Silvio Berlusconi faces expulsion from the Italian parliament through a momentous vote prompted by his criminal conviction for tax fraud.
The culmination of months of political wrangling, the vote on Wednesday opens an uncertain new phase for one of Italy’s most divisive figures, who has dominated politics for two decades.
The 77-year-old media billionaire and former prime minister had asked fellow senators to delay the vote, claiming to have new evidence warranting a judicial review of his conviction, but it is expected to go ahead at 1800 GMT.
“Berlusconi is still extremely powerful, although that power is declining,” said James Walston, a professor at the American University in Rome.
“He still has enormous resources, he still has his media, he still has lots of very diehard supporters inside and outside parliament.”
Thousands of those supporters were expected to mass outside Berlusconi’s luxury home in Rome on Wednesday afternoon, while a smaller group of anti-Berlusconi activists were planning to gather outside the Senate.
The vote comes at an economically crucial time for Italy, which is struggling to end its longest post-war recession, and just as parliament debates next year’s budget.
Prime Minister Enrico Letta has called for a “non-chaotic situation in Italy,” saying a division within Berlusconi’s ranks “will help stability.”
A group of dissidents led by Berlusconi’s former protege, Deputy Prime Minister Angelino Alfano, broke away earlier this month to form their own grouping.
Alfano and his supporters have said they will vote against Berlusconi’s expulsion but will stay in Letta’s left-right coalition even if the ejection goes ahead.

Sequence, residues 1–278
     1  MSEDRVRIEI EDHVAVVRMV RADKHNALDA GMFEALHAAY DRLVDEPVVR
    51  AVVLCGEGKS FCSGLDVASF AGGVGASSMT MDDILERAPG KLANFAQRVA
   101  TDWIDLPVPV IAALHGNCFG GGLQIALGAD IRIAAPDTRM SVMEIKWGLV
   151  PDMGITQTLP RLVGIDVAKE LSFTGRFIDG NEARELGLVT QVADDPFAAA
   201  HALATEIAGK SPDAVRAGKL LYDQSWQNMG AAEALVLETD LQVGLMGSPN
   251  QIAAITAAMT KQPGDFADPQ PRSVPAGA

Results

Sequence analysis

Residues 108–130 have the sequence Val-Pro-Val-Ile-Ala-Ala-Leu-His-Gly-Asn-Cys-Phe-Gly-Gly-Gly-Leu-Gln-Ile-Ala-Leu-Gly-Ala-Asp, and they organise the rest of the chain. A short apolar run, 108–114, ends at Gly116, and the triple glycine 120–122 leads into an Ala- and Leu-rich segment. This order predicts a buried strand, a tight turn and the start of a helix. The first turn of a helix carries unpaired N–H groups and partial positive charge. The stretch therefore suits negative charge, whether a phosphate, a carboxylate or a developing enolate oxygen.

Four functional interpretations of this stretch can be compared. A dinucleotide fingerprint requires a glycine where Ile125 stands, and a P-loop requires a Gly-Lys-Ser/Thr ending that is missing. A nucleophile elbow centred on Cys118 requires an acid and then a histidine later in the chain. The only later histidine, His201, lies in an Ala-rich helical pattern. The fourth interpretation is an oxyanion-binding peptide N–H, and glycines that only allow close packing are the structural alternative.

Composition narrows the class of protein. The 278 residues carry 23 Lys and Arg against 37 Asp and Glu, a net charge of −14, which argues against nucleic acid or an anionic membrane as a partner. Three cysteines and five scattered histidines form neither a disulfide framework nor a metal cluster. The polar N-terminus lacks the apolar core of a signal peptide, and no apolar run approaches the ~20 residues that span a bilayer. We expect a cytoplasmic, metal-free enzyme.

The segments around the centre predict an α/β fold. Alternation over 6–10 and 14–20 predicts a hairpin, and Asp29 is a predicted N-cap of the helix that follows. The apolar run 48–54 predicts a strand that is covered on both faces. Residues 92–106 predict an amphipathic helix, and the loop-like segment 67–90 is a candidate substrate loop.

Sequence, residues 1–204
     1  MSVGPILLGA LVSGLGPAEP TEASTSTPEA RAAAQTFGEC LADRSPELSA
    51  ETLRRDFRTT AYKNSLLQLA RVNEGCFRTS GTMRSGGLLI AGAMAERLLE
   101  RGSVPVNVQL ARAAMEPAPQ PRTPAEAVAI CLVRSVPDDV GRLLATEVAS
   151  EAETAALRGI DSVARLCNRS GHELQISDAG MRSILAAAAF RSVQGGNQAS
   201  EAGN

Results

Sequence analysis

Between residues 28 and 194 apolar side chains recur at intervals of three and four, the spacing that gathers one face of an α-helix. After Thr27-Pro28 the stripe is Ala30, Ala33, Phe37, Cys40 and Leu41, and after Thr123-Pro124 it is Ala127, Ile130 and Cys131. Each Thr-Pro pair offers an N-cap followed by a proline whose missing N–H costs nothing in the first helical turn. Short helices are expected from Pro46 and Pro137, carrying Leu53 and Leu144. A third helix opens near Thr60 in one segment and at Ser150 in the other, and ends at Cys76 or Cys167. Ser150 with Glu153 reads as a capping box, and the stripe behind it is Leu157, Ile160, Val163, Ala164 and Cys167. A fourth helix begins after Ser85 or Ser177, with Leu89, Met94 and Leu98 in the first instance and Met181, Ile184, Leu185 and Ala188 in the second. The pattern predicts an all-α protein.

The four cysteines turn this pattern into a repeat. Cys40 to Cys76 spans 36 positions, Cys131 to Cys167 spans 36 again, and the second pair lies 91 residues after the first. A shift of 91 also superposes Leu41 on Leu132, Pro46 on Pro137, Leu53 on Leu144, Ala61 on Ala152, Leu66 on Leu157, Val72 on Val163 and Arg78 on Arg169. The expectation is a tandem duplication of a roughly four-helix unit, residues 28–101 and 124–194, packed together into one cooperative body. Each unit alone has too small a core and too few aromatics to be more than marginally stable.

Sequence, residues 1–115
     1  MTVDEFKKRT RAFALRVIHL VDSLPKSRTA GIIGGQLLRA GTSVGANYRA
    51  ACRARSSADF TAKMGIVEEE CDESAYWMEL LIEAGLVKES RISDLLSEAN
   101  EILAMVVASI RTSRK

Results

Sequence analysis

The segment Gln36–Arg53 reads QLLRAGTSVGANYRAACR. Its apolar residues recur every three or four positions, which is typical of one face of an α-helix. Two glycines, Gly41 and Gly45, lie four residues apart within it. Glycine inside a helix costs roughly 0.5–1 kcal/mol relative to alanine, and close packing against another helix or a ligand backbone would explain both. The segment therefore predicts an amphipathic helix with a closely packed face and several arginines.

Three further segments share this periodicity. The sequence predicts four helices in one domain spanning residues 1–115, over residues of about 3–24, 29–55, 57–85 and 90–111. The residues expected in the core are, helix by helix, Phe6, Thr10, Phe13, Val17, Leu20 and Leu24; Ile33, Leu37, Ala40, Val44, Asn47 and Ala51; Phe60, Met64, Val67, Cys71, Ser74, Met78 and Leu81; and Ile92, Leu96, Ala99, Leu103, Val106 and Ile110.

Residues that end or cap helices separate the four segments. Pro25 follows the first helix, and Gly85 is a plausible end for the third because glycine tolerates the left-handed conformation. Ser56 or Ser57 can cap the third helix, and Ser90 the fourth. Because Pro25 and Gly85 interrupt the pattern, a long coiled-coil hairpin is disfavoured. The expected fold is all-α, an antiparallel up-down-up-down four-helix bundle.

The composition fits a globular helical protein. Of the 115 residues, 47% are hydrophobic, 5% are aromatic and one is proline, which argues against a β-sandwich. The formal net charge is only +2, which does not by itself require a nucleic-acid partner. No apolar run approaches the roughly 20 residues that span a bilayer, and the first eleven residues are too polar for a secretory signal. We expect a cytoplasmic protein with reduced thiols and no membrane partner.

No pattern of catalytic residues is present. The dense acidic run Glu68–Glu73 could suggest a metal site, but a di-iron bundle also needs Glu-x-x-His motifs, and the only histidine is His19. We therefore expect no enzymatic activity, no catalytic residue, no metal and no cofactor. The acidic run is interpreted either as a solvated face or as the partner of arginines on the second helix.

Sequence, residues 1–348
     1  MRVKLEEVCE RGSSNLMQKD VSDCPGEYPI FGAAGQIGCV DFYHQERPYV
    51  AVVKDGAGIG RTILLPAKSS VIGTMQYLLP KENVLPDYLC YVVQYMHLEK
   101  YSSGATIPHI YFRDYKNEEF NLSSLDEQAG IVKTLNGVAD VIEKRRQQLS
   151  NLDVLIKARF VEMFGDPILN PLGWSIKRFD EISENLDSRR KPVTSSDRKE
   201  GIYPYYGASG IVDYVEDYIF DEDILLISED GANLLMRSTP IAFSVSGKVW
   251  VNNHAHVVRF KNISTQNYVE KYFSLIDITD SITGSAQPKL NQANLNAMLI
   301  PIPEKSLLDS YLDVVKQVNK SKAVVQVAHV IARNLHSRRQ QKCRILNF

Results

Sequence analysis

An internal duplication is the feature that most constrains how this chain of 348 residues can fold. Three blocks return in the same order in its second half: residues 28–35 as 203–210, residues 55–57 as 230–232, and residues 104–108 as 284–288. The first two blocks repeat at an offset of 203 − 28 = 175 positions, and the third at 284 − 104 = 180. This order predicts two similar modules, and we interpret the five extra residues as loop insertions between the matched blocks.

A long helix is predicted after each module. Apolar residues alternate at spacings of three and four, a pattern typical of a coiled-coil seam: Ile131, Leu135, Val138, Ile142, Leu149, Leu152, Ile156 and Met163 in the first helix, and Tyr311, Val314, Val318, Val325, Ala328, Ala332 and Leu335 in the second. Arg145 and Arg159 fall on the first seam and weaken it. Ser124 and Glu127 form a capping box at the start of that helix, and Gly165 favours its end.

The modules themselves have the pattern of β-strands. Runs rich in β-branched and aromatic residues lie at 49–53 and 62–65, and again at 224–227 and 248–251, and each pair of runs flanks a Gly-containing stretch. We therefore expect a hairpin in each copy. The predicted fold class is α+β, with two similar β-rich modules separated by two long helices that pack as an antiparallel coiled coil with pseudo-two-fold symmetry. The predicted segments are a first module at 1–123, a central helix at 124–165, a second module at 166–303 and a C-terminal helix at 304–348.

This would prevent a government collapse, even though Berlusconi’s Forza Italia party on Tuesday announced it was pulling out of the coalition after just six months of uneasy cohabitation with its leftist rivals.
But the coalition would have a much narrower Senate majority of around 10 seats, and could be vulnerable to sniping from Berlusconi even outside parliament.
Berlusconi has said a vote to expel him from parliament would be an “indelible stain” on Italian democracy.
“[It] would shame you in front of your children, your voters and all Italians,” he said in an open letter to senators, maintaining the vote was “not about me, but about democracy.”
Even some of Berlusconi’s most hardline opponents have voiced doubts about the expulsion vote and the idea of beating the 77-year-old through the courts and parliament instead of at the ballot box.
Ejection from the Senate would also remove Berlusconi’s parliamentary immunity, which offers a series of safeguards against the arrest of lawmakers, and observers say he is concerned about a possible arrest – although his lawyers dismiss the prospect as “completely unrealistic.”
Berlusconi is currently appealing convictions for having sex with an underage prostitute, abusing the powers of the prime minister’s office and leaking a confidential police wiretap to damage a political rival.
He also faces trial for bribing a leftist senator to join his party’s ranks and could come under investigation for paying off young women who attended his raunchy parties to give favourable testimony.